Many people go to college to achieve a degree in something which they believe is the “correct thing to do”. In other words, they have no desire to become a lawyer, but going pre-law and preparing for law school is the “responsible” thing to do, what friends and family want and expect, and therefore the only logical choice.
To prepare a career is very often to set in motion what you’ll be doing for the rest of your life on Earth. While many people have adapted themselves to the fine art of self-flagellation, tolerating what they don’t like, and adapting to circumstances, it’s not necessary to live your life this way by selecting to do something you don’t want to do.
The alternative is what I call the college major refinement process. This is essentially finding your goals, ambition, and life-purpose, and then refining it through whatever is being offered at your selected college.
Unfortunately, the selection may not completely fit your inner-desires, but you must find the closest match possible.
The first step you must do is get in touch with yourself and figure out exactly what really inspires you, what keeps you going and gives you the energy to wake up in the morning.
Just lock yourself into your room, sit on a chair (don’t lay on the bed, you’ll fall asleep), and pay attention to those little nagging feelings deep in your subconscious that are feeding you desires and ambitions. Listen carefully.
(If you find the answer to this question is “lots of alcohol” then you should probably stop reading this and find help elsewhere).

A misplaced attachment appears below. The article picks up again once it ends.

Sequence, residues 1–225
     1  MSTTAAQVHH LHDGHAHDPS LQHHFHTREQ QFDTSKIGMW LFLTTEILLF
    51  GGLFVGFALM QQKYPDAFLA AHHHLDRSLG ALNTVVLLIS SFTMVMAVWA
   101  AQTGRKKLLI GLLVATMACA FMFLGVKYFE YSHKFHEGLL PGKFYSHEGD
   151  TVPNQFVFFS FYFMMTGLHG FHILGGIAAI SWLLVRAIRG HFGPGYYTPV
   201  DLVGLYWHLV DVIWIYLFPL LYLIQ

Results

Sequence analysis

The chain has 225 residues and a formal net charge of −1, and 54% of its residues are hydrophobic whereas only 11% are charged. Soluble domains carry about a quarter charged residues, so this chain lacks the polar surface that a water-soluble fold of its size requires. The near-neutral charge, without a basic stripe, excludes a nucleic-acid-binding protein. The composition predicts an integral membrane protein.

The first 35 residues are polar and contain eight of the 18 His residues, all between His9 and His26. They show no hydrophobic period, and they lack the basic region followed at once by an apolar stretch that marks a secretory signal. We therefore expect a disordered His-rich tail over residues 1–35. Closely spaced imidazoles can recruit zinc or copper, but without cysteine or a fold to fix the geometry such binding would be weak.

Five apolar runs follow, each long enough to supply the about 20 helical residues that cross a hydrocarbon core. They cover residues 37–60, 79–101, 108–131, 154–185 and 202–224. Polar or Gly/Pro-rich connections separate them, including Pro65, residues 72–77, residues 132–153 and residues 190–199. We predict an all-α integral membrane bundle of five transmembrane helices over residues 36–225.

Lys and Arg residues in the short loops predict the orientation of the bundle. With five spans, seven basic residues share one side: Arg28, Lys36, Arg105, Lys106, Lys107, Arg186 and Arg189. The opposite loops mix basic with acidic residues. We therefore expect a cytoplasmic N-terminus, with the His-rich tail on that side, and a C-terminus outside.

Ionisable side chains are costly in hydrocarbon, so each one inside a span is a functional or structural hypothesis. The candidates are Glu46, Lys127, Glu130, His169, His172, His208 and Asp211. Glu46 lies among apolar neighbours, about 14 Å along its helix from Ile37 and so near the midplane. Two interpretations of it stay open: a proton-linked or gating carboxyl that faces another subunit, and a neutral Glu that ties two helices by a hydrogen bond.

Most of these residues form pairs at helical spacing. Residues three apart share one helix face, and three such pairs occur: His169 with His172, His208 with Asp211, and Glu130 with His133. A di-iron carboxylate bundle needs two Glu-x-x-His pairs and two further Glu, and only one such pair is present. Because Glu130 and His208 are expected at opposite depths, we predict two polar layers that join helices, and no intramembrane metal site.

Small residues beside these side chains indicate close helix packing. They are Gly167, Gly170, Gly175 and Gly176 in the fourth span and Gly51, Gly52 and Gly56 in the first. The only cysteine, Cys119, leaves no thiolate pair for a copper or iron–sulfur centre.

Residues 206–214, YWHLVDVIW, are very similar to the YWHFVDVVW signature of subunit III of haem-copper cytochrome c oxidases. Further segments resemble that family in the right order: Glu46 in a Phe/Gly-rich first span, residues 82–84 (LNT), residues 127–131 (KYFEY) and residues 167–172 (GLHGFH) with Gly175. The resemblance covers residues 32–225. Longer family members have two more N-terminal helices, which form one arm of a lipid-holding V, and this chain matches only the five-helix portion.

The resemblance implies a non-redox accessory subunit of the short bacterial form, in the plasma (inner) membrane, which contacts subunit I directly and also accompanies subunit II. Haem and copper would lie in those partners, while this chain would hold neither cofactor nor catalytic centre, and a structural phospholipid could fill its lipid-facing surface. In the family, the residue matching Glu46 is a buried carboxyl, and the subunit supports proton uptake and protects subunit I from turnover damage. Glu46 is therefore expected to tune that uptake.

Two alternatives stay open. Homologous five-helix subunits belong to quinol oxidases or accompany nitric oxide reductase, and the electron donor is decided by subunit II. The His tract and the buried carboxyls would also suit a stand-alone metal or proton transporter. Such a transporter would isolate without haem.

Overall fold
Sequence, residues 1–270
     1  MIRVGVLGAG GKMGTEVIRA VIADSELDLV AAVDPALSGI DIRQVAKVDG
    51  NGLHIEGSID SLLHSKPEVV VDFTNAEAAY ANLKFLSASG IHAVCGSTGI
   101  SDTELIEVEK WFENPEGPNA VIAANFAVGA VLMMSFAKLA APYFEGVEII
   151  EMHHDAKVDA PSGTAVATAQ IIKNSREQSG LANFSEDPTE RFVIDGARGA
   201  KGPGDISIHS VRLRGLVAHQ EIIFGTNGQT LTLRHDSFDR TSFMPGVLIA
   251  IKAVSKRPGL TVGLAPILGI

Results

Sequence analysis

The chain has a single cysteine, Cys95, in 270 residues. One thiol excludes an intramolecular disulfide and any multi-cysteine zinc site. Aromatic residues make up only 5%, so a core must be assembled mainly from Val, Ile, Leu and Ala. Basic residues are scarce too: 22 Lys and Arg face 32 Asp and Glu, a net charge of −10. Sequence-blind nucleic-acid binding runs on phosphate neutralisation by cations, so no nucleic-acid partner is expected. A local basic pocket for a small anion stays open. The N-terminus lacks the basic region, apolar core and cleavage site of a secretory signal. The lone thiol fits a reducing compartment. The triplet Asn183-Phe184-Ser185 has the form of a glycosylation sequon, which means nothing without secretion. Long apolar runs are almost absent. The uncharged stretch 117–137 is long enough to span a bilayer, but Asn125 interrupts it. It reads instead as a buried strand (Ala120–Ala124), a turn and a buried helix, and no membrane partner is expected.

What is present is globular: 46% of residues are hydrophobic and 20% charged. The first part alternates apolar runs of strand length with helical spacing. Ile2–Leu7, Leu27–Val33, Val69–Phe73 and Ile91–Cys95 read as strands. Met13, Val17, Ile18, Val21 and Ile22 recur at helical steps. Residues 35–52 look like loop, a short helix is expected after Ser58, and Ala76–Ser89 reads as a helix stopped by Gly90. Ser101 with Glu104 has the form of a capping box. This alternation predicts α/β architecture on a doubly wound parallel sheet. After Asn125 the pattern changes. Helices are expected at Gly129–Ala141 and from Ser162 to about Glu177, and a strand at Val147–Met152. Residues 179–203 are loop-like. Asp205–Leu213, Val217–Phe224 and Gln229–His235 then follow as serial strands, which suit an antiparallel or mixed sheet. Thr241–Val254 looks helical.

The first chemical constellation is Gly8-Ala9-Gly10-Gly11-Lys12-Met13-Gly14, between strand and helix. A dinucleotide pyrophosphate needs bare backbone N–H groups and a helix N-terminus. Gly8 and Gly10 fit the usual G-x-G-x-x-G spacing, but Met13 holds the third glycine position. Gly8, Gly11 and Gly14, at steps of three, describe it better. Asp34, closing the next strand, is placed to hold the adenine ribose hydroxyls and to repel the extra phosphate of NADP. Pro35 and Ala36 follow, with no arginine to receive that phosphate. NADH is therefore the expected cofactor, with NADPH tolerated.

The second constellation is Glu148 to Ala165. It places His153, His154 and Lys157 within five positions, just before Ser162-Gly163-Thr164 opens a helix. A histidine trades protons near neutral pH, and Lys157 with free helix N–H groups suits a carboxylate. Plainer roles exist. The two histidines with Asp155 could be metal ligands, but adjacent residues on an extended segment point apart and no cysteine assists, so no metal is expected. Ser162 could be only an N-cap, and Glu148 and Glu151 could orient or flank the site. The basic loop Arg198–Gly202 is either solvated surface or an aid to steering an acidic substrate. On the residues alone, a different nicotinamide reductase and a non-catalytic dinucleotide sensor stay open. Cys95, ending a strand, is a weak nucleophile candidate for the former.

You should be both specific, and broad.
For instance, “I really love exciting new worlds and imagination, I love computers and playing computer games. That’s all I ever do”. Guess what? This isn’t the end of the world, there are many exciting fields in computer science and programming, and you will make a lot of money in.
Maybe it’s “I love helping my friends. I’m always giving them advice on the phone and helping them with their relationship problems. It gives me fulfillment”. I’m willing to bet psychiatry is up your alley.
The difficult part of the refinement process is being completely honest with yourself and narrowing down different desires to the single most predominant one. Identifying the overarching thing you want to do in life can be so tricky that students often change their majors in the middle of college as they begin to hear the calling of a new path.
But even if you take up a sudden passion for chopping wood and carving boats, you need to be careful. Is this really your new life-purpose, or just a passing fad or hobby? If you change your major over a fling, you’ll most likely end up changing your major a third time as your motivation dies. You don’t want to be in college for eight years.
So listen carefully, and be very honest with yourself, and you’ll find yourself exactly where you want to be. Do not pick a major or life-purpose based on what other people are telling you to do. You will regret it.